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Je suis en France

Grand Trianon - Les jardins de Versailles

I'm coming to the end of Day 11 in France. I decided that it was time to write a decent update now that I have had a little bit of time to settle in!

Jet lag hit me quite hard. I was fine on the day I arrived, and slept well that night. But it was all downhill from there for a few days. I had an audition for the studio of the Opéra de Paris the day after I arrived. I had tried to keep hydrated and had taken "No-jet-lag" tablets, and was feeling okay. My rehearsal went very well. However, when I got out onto the stage, my voice was quite hoarse and my brain a muddle. I was very pleased with how I coped technically and stagecraft-wise considering, but I knew that I wouldn't get a callback. I was pleased to just be offered an audition in the first place! In hindsight, should I have cancelled? I don't think so. It was good for me to have that experience. Now I know what to expect after 29 hours of flying (not including the time spent waiting at airports).

The winter temperatures have also been a little difficult to deal with, as I left New Zealand summer for a French winter, influenced upon my arrival by a Siberian wind. The coldest it has been is -8°. As far as I remember it hasn't been any warmer than 5°. Luckily, the scenery and architecture are beautiful. It has snowed a little, but it hasn't stayed. Many bodies of water have frozen over, however, and I'm sure that my hands nearly did a few days ago! I live in a small town outside Paris, and the temperatures tend to be a couple of degrees lower here because of the pollution in Paris city which keeps it warmer.

The family I am living with and working for as an au pair are great. The three children are all wonderful, though, like many children, they certainly try to push the boundaries! It has been a difficult few years for everyone, with a sick father, many nurses around, and a new au pair coming in every so often. The father cannot move or speak, but he can understand perfectly well and mouths the words and letters he needs in French or English. The mother, oldest son, and the nurses are quite proficient at interpreting. He also has a computer which he sometimes uses for writing longer messages - I think by using his eyes. He even works from home with his computer! The mother works full time and is the central figure in the household, of course. She is lovely and patient as I am learning about France and my role within the family. The eldest child is very focused and well-behaved on the whole; I get on well with him. The middle child is very headstrong, but she is also affectionate and sweet. The youngest is cheeky and is learning a lot from her siblings - for better or worse! The transition from the previous au pair to me was a little difficult for them, but having us both there at the same time for a few days helped, I think!

I attend French classes near Notre Dame twice per week, which so far are great. I am in the B2 level class (upper intermediate). My speaking is not quite at that level yet, but my comprehension is. I'm not struggling; I think it is a good level for me as it challenges me, whilst not being too overwhelming. I have two full classes each week and a conference once per week. The topic for the conferences varies depending on the time slot; mine is art, so each week I learn about French artworks. Every day I am learning new words and phrases in French, and my comprehension is definitely improving. As for my speaking, I'm not sure yet! I speak English with the children I work with, and mostly English with the parents. However, I have been able to communicate reasonably in shops, cafés, and with the various people I have come into contact with so far. At first I was very scared, and would freeze up when I didn't understand. Now, I'm pushing myself to remember to say something like "j'ai pas compris, je ne parle pas bien français, répétez/plus lentement, s'il vous plaît?" so I don't just stand there looking like an idiot. In my local Carrefour supermarket (yes, basically like Four Square), I overheard them discussing me (I think) and they thought I was German - I'll have to clarify at some point! I have had two meals with my host family's extended family members, where the conversations were almost exclusively in French, so that has been good for my speaking. I think I will improve very quickly.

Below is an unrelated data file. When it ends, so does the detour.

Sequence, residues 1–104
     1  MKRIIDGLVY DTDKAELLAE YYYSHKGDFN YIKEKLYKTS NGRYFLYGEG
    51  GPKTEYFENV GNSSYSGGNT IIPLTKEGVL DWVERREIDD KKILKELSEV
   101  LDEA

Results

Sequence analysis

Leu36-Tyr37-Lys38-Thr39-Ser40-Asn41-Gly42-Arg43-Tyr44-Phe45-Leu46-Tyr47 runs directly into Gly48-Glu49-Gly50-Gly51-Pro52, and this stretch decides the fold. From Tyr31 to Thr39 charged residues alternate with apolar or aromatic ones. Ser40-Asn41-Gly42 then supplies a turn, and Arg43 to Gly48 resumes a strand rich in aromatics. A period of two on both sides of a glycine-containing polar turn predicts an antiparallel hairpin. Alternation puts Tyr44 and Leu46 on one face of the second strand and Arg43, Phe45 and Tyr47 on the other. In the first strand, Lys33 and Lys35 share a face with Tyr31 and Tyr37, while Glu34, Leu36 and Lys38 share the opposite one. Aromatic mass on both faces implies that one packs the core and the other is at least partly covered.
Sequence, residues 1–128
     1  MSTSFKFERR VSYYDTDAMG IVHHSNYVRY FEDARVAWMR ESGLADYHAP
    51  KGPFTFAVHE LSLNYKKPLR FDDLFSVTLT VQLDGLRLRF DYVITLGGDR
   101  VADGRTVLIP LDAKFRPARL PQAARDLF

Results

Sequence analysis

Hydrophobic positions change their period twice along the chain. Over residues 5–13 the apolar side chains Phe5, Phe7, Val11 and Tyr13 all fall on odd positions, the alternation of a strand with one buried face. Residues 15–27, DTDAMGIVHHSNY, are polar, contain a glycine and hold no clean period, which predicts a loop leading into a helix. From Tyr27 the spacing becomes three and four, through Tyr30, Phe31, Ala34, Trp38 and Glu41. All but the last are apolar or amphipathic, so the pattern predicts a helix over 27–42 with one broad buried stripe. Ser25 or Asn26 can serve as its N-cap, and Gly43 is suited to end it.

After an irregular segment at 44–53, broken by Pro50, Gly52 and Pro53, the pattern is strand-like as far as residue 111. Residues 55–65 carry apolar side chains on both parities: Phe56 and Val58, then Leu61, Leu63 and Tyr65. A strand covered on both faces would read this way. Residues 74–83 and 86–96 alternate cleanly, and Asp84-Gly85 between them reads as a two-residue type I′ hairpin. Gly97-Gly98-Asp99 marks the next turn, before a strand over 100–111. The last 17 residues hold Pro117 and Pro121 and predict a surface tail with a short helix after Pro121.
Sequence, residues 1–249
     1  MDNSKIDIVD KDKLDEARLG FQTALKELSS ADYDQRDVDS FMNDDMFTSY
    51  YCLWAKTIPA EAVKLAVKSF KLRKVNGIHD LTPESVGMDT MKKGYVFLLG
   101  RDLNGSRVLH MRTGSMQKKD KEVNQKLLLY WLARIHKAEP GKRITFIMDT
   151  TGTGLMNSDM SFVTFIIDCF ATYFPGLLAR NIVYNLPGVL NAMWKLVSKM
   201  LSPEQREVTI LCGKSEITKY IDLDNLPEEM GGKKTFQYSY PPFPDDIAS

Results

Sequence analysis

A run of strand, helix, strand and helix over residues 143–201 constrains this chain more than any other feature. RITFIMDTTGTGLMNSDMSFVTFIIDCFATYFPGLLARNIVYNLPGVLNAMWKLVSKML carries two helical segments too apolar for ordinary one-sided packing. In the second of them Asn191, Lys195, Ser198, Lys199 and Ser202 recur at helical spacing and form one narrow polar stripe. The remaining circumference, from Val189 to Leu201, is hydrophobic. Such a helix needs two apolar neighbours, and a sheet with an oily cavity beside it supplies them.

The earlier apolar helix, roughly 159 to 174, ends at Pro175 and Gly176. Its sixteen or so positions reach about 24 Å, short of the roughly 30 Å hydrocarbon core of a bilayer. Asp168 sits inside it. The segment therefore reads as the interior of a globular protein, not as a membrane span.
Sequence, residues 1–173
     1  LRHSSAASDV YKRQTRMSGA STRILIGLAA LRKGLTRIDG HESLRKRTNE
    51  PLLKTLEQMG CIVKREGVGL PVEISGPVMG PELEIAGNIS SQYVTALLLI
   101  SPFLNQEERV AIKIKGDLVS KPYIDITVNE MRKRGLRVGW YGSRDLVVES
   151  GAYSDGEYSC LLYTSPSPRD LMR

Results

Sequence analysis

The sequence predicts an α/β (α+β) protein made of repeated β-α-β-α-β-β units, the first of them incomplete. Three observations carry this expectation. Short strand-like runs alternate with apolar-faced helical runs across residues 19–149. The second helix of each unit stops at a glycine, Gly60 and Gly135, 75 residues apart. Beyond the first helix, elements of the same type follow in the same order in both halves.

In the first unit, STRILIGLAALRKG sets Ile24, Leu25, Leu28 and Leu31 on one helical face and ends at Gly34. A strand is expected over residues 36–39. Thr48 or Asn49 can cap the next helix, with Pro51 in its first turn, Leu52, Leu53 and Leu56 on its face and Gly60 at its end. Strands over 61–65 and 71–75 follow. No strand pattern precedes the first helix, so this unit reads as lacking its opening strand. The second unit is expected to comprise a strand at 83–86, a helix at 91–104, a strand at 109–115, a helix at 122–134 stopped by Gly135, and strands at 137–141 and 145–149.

I am slowly becoming familiar with my area of the country - my little town is pretty easy to get to know, as there is only one main road and only a couple of places I need to go to. I've seen the main sights in Paris, thanks to my personal French tour guide/friend who came to visit me there for my first weekend. I have also visited the gardens of Versailles, but am yet to see the inside of the palace! Today I visited an outlet mall in another small town area - I was happy to find out about that! For those who are Facebook friends with me, I have posted quite a few things on there, and for those who are not, you can follow my Instagram on @kaylacollingwood. I will be visiting many more towns, cities, monuments, etc.!

Singing-wise, I haven't done a lot yet, other than my audition and an impromptu (still hoarse and jetlagged) performance for the extended family. I have some good contacts, and this coming week I will be organising lessons and starting to work on music. Now that I am a little familiar with my routine as an au pair, I can work on my singing where possible. The children, of course, come first for the next few months. It's nice to be able to be a little relaxed while I start slowly spreading my wings over here and figuring out the path that I need to take in order to reach my goals.

I have probably forgotten things, so questions are welcome! I apologise in advance for delayed responses - I will get to them when I have the time and energy!

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